Anwar Sadat is a Kenyan photographer based in Nairobi. He grew up in the Kibera area of Nairobi and among his photographic projects are strong documentary photographs about a resilient strong community with a lot of challenges. He first picked up photography as head of the journalism club of his secondary school. His photographs focus on real life, and portraits of people around him.
"Witnessing the closest proof of reality. Every time I click the shutter on my camera, that’s what I see."
Where did you grow up and do you still live there?
I grew up in Kibera and a bit in Mombasa (the coastal parts of Kenya). I still live in Kibera.
When and how did you start getting interested in photography?
I loved collecting electronics as a kid even if I would do nothing with them. I collected an old broken camera and kept it for no reason. I would carry it while travelling, fully aware it was good for nothing. In primary school I loved the idea of appearing in photos but often found myself behind the photographer each time I saw one. In my secondary education level, I headed a journalism club for two years. That made me in charge of the school camera, giving me an opportunity to learn some skills. At some point in secondary school I lost the school camera and I had to pay it back. After secondary school I did some odd jobs and bought my first point and shoot camera. From that point, I had to learn everything I know about cameras today without a formal education. I officially started shooting mid-2017.
Where do you find your inspiration?
I find inspiration in the daily lives of people and their enthusiasm to make a better tomorrow.
Do you have any favourite artists/photographers?
Mostly I do have favorite things and people because I usually feel like I am limiting myself but among other photographers, I closely look up to people like Steve McCurry, Luis Tato, and Yagazie Emezi. There are many.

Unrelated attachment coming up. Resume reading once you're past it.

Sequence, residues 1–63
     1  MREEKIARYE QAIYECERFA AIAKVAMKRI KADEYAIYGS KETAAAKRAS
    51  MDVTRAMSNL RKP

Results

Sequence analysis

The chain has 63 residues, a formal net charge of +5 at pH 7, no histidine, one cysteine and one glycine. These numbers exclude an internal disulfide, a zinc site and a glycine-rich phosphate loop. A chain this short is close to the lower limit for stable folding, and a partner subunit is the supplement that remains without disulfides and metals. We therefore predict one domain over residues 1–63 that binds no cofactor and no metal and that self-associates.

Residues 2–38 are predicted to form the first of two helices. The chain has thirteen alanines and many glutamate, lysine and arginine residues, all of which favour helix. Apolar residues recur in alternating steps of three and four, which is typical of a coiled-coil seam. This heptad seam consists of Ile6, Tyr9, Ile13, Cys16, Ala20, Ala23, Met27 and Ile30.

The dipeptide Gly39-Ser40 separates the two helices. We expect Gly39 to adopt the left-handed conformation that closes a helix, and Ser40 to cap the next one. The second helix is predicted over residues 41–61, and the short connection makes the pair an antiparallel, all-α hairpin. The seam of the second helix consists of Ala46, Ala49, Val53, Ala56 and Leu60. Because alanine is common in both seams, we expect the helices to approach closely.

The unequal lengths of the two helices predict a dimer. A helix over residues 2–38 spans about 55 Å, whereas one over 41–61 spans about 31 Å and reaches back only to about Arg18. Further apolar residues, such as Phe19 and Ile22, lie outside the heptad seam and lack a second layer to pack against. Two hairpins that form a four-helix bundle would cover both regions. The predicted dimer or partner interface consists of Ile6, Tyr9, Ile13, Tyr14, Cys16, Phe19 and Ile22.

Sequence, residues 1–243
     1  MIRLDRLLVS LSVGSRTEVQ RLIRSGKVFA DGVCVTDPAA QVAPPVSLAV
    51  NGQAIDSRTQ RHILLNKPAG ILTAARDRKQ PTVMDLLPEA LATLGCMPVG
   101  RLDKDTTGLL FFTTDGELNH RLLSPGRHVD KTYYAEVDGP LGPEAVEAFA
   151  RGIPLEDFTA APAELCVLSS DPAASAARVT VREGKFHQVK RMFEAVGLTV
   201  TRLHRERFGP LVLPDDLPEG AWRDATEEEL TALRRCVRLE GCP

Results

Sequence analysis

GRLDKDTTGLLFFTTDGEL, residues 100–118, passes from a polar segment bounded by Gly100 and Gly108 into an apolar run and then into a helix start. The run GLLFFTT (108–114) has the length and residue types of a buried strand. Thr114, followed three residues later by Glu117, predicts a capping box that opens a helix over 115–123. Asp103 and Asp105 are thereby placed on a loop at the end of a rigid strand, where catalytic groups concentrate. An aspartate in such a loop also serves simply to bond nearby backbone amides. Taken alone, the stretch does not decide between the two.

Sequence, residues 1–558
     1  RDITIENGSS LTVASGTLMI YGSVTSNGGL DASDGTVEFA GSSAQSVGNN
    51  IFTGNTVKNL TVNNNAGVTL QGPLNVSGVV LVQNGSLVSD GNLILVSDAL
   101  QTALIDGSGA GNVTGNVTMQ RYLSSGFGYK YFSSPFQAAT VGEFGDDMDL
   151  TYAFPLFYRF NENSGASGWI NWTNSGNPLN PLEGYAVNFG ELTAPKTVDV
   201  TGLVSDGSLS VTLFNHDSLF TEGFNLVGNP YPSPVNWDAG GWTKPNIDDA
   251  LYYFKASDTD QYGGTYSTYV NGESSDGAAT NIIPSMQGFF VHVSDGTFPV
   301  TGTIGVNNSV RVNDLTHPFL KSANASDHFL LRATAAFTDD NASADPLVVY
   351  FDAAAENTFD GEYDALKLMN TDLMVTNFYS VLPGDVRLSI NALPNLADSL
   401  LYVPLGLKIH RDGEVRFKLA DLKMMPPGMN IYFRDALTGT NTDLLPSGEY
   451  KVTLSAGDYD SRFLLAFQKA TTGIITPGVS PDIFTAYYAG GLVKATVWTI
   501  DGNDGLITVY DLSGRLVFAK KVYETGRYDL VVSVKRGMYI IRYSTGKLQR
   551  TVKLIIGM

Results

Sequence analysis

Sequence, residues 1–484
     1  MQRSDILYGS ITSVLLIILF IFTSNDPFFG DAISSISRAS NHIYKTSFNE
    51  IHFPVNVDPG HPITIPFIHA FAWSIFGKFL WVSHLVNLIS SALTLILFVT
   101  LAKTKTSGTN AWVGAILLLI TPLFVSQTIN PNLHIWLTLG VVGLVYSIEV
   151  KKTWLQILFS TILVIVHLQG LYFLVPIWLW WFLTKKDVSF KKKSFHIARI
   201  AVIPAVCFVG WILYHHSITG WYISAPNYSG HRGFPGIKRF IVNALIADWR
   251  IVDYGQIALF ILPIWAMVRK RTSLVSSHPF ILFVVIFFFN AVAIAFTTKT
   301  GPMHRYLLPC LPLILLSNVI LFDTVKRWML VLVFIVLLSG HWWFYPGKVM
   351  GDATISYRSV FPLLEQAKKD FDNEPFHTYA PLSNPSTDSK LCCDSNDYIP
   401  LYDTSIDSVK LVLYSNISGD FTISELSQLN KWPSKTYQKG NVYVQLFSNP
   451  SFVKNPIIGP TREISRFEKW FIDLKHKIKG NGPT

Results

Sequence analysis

Who do you think has mostly influenced your style?
Mostly I am inspired by everyday African photographers.
Has your style of shooting changed since you first started?
Yes. Starting out I used to shoot everything. Most of the time I photographed models and fashion. With time I found purpose. I wanted to see beyond my images.
Where is your favourite place to shoot?
Kibera is good and there is always a story worth to be told each day. However, there are so many good and talented photographers here. I’ve been to Mombasa before. I loved shooting there. There are also not enough photographers shooting documentaries. Shooting there was awesome. But after having said all that, it's not really the places that matter, it’s a story worth telling that matters and I’d go anywhere that a story takes me.
Often you focus really closely on people in your photography. How do you go about it?
Most people I have met are very accommodating. I believe if you approach people and tell them what you are doing and why you are doing it, they wouldn’t have a reason to object. I try as much as possible to make friends with the people I photograph, just to avoid suspicions.
Do you have a preferred camera/lens/focal length?
My preferred camera is the Canon 6d mark ii, but I do not have it. I mostly shoot on a Canon 5d mark ii or a Canon 700d. I shoot with a wide angle 24-70mm f4 or 50mm f1.2.
What characteristics do you think you need to become a good photographer? Any tips or advice for someone just starting out?
First one needs to choose their path, decide on what genre one wants to pursue. Doing this is hard but it helps one do more research on how to be better in the same field. One should be patient, friendly, observing, trustworthy, flexible and self-driven.
Have you ever been involved in the artistic world before photography?
No, I have not.
Are there any special projects you are currently working on?
Currently I am focusing on the lives of people under quarantine. I am also trying to work with as few people as possible to tell a love story between two young people with different backgrounds. These are not serious projects, but I am trying to be active and creative during this time when most of our movements are restricted.
“When I am not out photographing, I…”
Photography is my main job. When I am not photographing, I am either spending time with friends playing video games, or watching documentary materials, learning something new.